Figure 4: A right-side profile of the phone. Click the image above for a larger version (103 KB).
Figure 5: The bottom right portion of the phone. Notice the strange port?
Figure 6: A close up of the only port on the phone. It's used for synchronization, audio, and recharging. More on that later.
Figure 7: The top left portion of the phone. The small camera lens provides the quality you'd expect (as in, nothing impressive). There's a hole for a lanyard if you want to carry the phone around your neck, though I'd be surprised if any vendor included a cord in the box. The top button activates a voice command function on the pre-production unit I have. It's bizarre that there's no easy way to re-map the phone buttons to other functions, unlike on the Pocket PC.
Figure 8: The bottom left portion of the phone, showing the voice activation button, and the volume up/down. The buttons have small bumps on them to make it easier to know where to press.
Figure 9: The HTC Star Trek opened up.
Figure 10: Look at how thin that is!
Figure 11: The rear of the phone. Click the image above for a larger version (96 KB).
Figure 12: The Star Trek's keypad is strongly RAZR-esque. There are no individual keys, only one big touchpad. The keys are large enough for me to use with my thumbs (great), unlike the SP5m, which required me to use my fingernail (awkward).The usual assortments of buttons are there, with the softkey buttons having strong placement. The D-pad is more of a mixed bag – it can be hard to press without accidentally pressing the middle selection button. I often found myself opening up an email or contact when all I wanted to do was scroll down.
Figure 13: The back of the phone with the slide-off battery cover removed. The 750mah battery proved to be sufficient for several days of power, though it's hard to judge the battery life on a pre-production unit.
In an ideal world, everything that required power would have one common plug. Everything that output audio would have one type of port, and every type of headphones and speakers would have the same matching port. Every device would take the same sort of removable storage. Unfortunately, we don't live in an ideal world, so the best we can hope for is common standards that a majority of devices use. On HTC Pocket PCs and Smartphones, that has been a miniUSB port for power/connectivity, and a 3.5mm or 2.5mm jack for headphones. It's easy to get miniUSB power cables – entire industries have sprung up to create retractable USB cables of various types. A small adaptor was all you needed to use your 3.5mm headphones on a device that accepted 2.5mm plugs.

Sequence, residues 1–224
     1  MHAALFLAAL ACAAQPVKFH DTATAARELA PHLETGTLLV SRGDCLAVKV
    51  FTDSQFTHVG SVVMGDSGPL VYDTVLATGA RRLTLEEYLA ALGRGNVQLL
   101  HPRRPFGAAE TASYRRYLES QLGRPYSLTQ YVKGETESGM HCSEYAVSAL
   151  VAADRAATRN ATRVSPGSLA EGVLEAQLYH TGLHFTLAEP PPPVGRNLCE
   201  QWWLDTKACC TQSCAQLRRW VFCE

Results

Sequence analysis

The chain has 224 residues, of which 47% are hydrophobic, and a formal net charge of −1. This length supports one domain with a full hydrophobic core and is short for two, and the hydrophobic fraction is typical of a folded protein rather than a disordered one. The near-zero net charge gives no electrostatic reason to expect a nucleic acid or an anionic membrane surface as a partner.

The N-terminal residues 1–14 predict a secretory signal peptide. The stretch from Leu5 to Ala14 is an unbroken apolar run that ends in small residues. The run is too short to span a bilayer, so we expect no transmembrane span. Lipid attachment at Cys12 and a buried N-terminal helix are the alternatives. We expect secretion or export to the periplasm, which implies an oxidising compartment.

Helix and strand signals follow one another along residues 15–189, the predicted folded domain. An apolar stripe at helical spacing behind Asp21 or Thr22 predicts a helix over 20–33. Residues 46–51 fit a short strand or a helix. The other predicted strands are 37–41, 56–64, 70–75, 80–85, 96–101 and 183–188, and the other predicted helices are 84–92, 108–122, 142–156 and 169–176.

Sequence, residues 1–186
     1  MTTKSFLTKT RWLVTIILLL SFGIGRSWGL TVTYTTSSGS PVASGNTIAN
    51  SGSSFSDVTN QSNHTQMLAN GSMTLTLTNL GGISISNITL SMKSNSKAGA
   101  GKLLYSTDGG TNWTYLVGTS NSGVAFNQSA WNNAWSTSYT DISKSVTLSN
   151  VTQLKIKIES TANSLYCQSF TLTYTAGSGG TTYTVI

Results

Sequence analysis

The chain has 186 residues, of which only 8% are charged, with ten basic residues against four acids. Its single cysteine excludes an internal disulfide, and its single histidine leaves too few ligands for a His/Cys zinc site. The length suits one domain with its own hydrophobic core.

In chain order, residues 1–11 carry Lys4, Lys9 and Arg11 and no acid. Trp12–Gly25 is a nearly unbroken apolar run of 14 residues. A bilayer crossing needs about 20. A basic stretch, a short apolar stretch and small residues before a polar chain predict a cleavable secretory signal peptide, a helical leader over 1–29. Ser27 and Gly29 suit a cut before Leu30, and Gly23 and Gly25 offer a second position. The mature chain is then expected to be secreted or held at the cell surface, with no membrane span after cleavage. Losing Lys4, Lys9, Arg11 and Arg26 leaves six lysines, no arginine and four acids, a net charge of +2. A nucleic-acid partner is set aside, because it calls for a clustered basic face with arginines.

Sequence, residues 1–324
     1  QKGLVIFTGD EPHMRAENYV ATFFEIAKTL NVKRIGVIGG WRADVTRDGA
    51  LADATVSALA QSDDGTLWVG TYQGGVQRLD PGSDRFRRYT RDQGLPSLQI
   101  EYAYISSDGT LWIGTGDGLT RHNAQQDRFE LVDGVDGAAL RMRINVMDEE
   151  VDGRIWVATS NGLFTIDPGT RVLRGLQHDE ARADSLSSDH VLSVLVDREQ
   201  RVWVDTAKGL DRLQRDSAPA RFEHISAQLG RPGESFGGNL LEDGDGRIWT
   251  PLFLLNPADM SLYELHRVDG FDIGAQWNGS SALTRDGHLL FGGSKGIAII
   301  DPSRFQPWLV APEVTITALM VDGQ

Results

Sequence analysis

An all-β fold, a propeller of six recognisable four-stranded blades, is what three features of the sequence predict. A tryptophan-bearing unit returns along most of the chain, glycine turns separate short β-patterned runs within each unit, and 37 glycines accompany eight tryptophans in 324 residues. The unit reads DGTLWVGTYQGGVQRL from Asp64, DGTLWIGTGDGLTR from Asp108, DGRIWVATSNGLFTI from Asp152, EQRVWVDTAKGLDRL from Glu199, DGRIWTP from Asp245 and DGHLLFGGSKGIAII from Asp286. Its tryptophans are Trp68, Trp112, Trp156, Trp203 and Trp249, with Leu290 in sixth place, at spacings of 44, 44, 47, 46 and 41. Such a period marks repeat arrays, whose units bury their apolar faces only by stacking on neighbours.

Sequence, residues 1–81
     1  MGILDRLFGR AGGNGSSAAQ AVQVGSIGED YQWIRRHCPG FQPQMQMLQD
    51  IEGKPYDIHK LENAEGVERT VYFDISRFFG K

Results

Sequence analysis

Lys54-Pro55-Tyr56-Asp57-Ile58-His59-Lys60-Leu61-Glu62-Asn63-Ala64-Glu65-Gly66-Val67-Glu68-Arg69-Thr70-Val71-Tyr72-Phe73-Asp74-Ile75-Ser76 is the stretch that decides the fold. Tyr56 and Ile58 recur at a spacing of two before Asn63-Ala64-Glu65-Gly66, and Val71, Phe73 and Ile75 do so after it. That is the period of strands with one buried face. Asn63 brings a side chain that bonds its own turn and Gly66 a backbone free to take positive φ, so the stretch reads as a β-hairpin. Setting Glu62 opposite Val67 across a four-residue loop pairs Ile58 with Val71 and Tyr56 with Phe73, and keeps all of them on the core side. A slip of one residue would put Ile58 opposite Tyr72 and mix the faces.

With the HTC Star Trek, they've gone their own way entirely. There's a single port on the device, and it serves the dual purposes of recharging and audio output. You've got a great collection of miniUSB cables and power accessories? You can't use them here. You have a $200 pair of Shure headphones you want to use to listen to music? You can't connect them to this phone. And as Dave Conger pointed out in our recent ThoughtCast about this device, some people like to plug the phone into power and keep using it with a wired headset. That scenario is no longer possible. It is mitigated, however, by Bluetooth headsets and headphone solutions.